Leaven Blog

Pray the Divine Mercy novena to end Covid-19

by Jill Ragar Esfeld

The merciful love of God is beautifully proclaimed in the passion, death and resurrection of Jesus.

It is a healing love that many people in the midst of this global pandemic need right now.

That’s why it’s important to remember the first Sunday after Easter is the Feast of the Divine Mercy.

By practicing the devotions attached to that feast day, we can allow God’s merciful love to flow through us and into the world.

In the words of Pope John Paul II, who established Divine Mercy Sunday: “Do not abandon yourselves to despair. We are the Easter people and hallelujah is our song.”

The devotions began with St. Maria Faustina Kowalska, a sister of the Congregation of the Sisters of Our Lady of Mercy, who claimed to have visions of Jesus beginning in 1924 and continuing for years.

Saint Faustina kept a 600-page diary of the apparitions. Her entries focused on God’s mercy, the need for conversion, and the call to trust in Jesus.

Jesus asked Saint Faustina to paint the vision of his merciful divinity being poured from his sacred heart, with the words “Jesus, I trust in you.” He also asked for a feast of Divine Mercy to be established on the last day of the Easter octave.

St. Faustina died on October 5, 1995. She was canonized by Pope John Paul II on April 30, 2000; and the Sunday after Easter was officially designated as the Sunday of the Divine Mercy.

Jesus instructed Saint Faustina that the feast day be preceded by a Divine Mercy novena which would begin on Good Friday.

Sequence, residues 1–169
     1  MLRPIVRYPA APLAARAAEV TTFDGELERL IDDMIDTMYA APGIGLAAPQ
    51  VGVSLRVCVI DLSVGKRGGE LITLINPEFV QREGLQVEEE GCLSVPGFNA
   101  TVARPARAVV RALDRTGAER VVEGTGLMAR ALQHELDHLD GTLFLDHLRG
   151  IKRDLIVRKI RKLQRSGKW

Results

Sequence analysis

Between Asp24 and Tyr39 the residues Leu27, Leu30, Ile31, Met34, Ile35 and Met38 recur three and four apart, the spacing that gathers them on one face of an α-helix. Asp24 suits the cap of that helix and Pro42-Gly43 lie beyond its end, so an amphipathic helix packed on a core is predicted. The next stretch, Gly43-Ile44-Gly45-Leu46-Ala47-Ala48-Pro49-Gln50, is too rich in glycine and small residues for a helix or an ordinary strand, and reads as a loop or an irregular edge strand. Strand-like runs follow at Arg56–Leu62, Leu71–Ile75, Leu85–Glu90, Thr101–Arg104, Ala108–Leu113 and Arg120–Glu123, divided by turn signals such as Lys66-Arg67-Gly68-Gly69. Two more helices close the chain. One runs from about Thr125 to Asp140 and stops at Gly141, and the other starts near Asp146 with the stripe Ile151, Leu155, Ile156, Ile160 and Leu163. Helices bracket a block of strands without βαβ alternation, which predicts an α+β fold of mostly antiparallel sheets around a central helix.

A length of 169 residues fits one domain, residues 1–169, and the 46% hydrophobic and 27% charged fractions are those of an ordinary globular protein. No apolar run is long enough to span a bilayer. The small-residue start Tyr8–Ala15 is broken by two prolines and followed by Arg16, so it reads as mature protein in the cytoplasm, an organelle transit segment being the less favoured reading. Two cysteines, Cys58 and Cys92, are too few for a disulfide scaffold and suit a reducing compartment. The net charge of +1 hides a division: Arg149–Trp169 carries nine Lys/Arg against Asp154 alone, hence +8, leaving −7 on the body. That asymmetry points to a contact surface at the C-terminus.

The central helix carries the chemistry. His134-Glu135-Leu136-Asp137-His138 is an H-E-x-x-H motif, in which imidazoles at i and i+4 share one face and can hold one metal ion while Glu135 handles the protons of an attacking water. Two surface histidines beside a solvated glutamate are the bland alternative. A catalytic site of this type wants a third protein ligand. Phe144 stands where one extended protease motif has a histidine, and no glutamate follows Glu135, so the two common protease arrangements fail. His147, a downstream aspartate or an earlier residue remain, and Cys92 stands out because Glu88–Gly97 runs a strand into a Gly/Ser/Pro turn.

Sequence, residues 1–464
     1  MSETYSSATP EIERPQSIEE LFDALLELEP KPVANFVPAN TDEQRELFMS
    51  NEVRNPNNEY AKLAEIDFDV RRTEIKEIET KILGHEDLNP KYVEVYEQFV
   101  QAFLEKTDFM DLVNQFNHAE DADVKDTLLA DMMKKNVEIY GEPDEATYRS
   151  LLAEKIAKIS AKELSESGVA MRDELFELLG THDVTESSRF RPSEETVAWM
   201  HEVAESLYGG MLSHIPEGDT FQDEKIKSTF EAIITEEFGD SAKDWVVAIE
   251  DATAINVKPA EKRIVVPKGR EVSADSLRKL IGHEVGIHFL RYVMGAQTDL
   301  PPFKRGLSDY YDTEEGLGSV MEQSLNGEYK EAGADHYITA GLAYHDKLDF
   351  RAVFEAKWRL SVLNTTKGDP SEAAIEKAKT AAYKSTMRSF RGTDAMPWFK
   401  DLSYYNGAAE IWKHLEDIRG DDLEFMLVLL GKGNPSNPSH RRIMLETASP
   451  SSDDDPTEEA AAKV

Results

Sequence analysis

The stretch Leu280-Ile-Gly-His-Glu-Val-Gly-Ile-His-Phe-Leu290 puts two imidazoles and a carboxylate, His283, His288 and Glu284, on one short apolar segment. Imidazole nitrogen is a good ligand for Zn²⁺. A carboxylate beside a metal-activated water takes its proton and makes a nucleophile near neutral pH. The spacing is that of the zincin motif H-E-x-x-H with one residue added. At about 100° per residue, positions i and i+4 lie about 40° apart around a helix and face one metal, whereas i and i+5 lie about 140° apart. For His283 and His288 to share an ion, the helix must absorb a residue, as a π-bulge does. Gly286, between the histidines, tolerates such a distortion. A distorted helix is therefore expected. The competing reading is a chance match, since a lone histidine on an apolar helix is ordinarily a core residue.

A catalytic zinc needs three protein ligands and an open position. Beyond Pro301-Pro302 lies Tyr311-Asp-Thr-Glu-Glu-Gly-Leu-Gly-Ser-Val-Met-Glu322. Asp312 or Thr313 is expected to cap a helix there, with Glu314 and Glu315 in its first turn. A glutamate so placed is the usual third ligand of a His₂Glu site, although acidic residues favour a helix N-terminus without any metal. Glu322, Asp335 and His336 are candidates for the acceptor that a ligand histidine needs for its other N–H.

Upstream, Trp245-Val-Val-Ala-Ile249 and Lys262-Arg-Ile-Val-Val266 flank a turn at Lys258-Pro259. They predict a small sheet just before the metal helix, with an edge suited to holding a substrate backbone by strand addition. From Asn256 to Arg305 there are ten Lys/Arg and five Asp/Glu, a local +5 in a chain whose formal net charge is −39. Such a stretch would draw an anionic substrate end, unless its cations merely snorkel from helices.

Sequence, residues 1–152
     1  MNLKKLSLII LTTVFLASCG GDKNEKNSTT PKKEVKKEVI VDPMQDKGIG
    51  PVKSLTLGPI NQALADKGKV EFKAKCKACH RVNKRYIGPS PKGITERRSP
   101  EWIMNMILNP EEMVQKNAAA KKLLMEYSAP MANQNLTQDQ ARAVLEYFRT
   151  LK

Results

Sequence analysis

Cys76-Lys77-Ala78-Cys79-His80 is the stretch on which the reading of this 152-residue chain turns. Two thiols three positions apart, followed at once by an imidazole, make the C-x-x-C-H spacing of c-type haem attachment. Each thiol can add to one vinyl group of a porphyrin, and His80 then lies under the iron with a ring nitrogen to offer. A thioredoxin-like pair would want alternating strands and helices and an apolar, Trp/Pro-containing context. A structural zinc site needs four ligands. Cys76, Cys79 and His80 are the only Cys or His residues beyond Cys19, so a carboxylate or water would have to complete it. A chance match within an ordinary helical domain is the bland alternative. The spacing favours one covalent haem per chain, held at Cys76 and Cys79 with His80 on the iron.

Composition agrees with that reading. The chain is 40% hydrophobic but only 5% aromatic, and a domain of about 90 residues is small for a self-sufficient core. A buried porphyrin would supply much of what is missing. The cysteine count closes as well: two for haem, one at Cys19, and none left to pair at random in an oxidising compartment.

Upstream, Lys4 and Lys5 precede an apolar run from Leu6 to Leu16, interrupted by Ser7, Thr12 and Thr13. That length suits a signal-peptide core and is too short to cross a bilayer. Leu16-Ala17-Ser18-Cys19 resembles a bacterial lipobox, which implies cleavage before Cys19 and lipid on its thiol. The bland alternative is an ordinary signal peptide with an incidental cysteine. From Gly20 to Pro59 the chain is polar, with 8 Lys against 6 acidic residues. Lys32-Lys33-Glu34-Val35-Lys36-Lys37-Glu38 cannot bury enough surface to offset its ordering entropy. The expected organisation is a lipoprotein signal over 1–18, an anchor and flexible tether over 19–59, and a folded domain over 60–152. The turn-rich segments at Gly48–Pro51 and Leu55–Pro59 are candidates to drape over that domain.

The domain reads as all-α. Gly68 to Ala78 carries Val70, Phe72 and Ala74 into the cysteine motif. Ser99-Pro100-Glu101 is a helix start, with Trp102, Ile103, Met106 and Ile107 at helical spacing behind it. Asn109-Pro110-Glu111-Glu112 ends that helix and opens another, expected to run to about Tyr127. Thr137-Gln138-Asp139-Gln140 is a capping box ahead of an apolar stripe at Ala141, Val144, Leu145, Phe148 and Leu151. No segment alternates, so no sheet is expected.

It is a powerful novena that can flood the world with God’s healing mercy.

Because of the Covid-19 pandemic, the apostolic penitentiary issued an official decree that included the chaplet of Divine Mercy in a list of devotions for which faithful could receive a plenary, or full, indulgence if practiced for an end to the pandemic:

“Offering this trial in a spirit of faith in God and charity towards their brothers and sisters, with the will to fulfill the usual conditions (sacramental confession, Eucharistic communion and prayer according to the Holy Father’s intentions), as soon as possible.”

Those praying The Divine Mercy novena between Good Friday and the Sunday of Divine Mercy are to pray for the special intentions of each day, followed by the Chaplet of Divine Mercy. 

  • Day 1 (Good Friday) – All mankind, especially sinners
  • Day 2 (Holy Saturday) – The souls of priests and religious
  • Day 3 (Easter Sunday) – All devout and faithful souls
  • Day 4 (Easter Monday) – Those who do not believe in Jesus and those who do not yet know him
  • Day 5 (Easter Tuesday) – The souls of separated brethren
  • Day 6 (Easter Wednesday) – The meek and humble souls and the souls of children
  • Day 7 (Easter Thursday) – The souls who especially venerate and glorify Jesus’ mercy
  • Day 8 (Easter Friday) – The souls who are detained in purgatory 
  • Day 9 (Easter Saturday) – The souls who have become lukewarm.

For the Divine Mercy Novena prayers in their entirety, click here.

About the author

Jill Esfeld

Jill Ragar Esfeld received a degree in Writing from Missouri State University and started her profession as a magazine feature writer, but quickly transitioned to technical/instructional writing where she had a successful career spanning more than 20 years. She returned to feature writing when she began freelancing for The Leaven in 2004. Her articles have won several awards from the Catholic Press Association. Jill grew up in Christ the King parish in Kansas City, Missouri; and has been a member of Holy Trinity Parish in Lenexa, Kansas, for 35 years.

Leave a Comment